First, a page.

Are you ready for some royal awesomeness? I'm not sure which is better, the book itself which I'm going to try to describe, the interview with the ladies who wrote it, or the chance to win a copy or two of your own!
Published: April 7th, 2015
Publisher: Grand Central Publishing
ISBN: 1455557102 / 978145555710
American Bex Porter was never one for fairy-tales. Her twin sister Lacey was always the romantic, the one who daydreamed of being a princess. But it's adventure-seeking Bex who goes to Oxford and meets dreamy Nick across the hall-and thus Bex who accidentally finds herself in love with the heir to the British throne. Nick is everything she could have imagined, but comes with unimaginable baggage: a thorny family, hysterical tabloids tracking his every move, and a public that expected its future king to marry a Brit. On the eve of the most talked-about wedding of the century, Bex looks back on how much she's had to give up for true love... and exactly whose heart she may yet have to break.
Q&A with the authors Heather Cocks and Jessica Morgan
1. What kind of research did you have to do for the book?
JESSICA: Lots! We wanted to create our own world -- a very slightly alternate universe -- but we didn't want to get facts incorrect, either, and, most of all, we wanted that world to feel real. In January of 2014, we went to England on a research trip and tromped around Oxford, visited Buckingham Palace, and walked around the London neighborhoods that Bex would have lived in. And we read a lot of books -- both books about the current royal family, and ones like Kate Fox's WATCHING THE ENGLISH, which is a sociological take on British social customs, and a variety of etiquette books. The royals coverage in People magazine was inestimably helpful, and The Daily Mail, which is a bit of a villain in the book, was a hero to us in terms of logistical information. I wouldn't necessarily take the Mail's coverage of people's relationships as fact, but if you need information about, say, where Person X sat in Westminster Abbey when Wills and Kate got married, or what they did the night before wedding, The Mail is there for you. We both spent a lot of time looking up extinct titles and the proper use of fish forks and how to curtsey correctly, and all manner of tiny details. A British friend of ours read the book to check that our British characters didn't accidentally sound too American. We had a lot of research balls in the air. But then eventually there comes a point where you have to trust that you know that information and just write the book itself and hope the world-building feels real and right in the background.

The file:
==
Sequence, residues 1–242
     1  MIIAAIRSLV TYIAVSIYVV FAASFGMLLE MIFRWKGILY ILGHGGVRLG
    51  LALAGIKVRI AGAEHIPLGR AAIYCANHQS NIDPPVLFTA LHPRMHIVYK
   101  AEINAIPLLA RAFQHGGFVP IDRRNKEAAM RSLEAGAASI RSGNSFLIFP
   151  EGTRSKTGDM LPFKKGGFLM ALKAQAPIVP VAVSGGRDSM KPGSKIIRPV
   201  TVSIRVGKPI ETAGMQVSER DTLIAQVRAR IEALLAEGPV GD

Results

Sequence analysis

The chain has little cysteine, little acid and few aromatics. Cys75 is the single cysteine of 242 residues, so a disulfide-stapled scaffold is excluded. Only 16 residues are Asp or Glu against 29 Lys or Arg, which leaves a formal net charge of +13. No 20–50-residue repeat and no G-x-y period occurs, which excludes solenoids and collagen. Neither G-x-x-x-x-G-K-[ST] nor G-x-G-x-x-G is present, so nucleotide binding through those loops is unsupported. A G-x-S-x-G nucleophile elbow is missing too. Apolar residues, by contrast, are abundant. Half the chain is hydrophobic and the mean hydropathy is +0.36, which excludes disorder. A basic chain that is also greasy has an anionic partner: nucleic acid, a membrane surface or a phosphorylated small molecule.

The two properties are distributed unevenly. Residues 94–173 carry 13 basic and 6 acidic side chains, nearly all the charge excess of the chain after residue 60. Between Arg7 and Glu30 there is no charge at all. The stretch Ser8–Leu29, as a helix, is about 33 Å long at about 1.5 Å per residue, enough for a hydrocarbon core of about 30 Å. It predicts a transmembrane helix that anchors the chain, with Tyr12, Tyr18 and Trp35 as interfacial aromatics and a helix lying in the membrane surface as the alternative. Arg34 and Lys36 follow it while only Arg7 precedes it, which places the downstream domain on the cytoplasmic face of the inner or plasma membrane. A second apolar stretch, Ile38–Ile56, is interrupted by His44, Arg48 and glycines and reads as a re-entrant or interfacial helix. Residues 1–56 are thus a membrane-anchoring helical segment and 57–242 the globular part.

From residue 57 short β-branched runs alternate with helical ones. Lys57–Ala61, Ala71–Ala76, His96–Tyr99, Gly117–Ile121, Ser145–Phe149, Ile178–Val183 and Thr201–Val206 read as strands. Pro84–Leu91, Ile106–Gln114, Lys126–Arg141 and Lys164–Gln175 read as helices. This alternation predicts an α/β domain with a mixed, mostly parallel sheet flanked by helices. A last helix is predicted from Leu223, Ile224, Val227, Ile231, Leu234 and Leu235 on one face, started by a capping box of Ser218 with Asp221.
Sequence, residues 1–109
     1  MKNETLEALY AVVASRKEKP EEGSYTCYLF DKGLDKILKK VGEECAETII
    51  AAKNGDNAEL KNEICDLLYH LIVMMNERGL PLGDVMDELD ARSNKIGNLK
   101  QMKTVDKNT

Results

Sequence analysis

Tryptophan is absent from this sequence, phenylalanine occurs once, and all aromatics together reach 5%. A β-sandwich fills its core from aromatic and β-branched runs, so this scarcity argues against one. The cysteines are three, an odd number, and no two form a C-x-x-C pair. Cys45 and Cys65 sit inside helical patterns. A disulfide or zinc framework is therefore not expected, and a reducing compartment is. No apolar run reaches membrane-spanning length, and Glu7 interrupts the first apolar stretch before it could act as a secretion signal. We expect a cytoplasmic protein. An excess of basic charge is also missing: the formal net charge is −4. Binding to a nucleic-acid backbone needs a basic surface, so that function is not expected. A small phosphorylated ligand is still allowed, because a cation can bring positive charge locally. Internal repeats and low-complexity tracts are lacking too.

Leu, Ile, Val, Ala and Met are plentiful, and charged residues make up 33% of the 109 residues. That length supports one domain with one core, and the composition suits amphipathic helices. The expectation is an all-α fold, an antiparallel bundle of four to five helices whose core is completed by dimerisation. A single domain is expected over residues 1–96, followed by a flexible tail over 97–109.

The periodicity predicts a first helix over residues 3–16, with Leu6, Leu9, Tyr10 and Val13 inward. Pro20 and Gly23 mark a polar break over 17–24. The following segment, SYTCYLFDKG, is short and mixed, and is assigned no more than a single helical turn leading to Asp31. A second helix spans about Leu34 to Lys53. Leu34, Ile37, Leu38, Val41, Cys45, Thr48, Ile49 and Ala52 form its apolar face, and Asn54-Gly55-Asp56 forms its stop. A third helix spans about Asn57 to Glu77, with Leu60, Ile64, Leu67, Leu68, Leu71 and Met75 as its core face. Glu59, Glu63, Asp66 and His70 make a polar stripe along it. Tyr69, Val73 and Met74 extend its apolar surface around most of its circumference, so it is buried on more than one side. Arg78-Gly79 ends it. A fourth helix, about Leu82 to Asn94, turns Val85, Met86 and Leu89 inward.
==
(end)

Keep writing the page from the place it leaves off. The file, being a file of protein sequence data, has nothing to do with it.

HEATHER: There are some things we wrote off to artistic license. Like, our princes call the Queen "Gran," and not "Granny," or "Grandmother." We liked how Gran sounded, even though our source told us that was not a likely nickname from people so posh. The book is sold in the U.S. and Canada, and I think in those countries the word "Granny" sometimes connotes something different and LESS posh than it does overseas. It took me out if it whenever Nick called Eleanor "Granny," so we said, what the heck, "Gran" it is. We also had research help from my sister in creating our dynasty, and making sure our alternate timeline made sense with the existing British history on which we based it. That was probably the most work -- just getting names, and dates, and potential spouses that are partially realistic, and then of course having to ensure everyone's birthdays made them the appropriate age to marry and have children in particular eras. So much of that is work you don't really see in the book itself, but it had to be done so that the universe was completely real to us. The temptation is to make up wild stories about old relatives, without actually paying attention to WHEN those ancestors could logistically have existed, and having a family tree in place keeps that in check.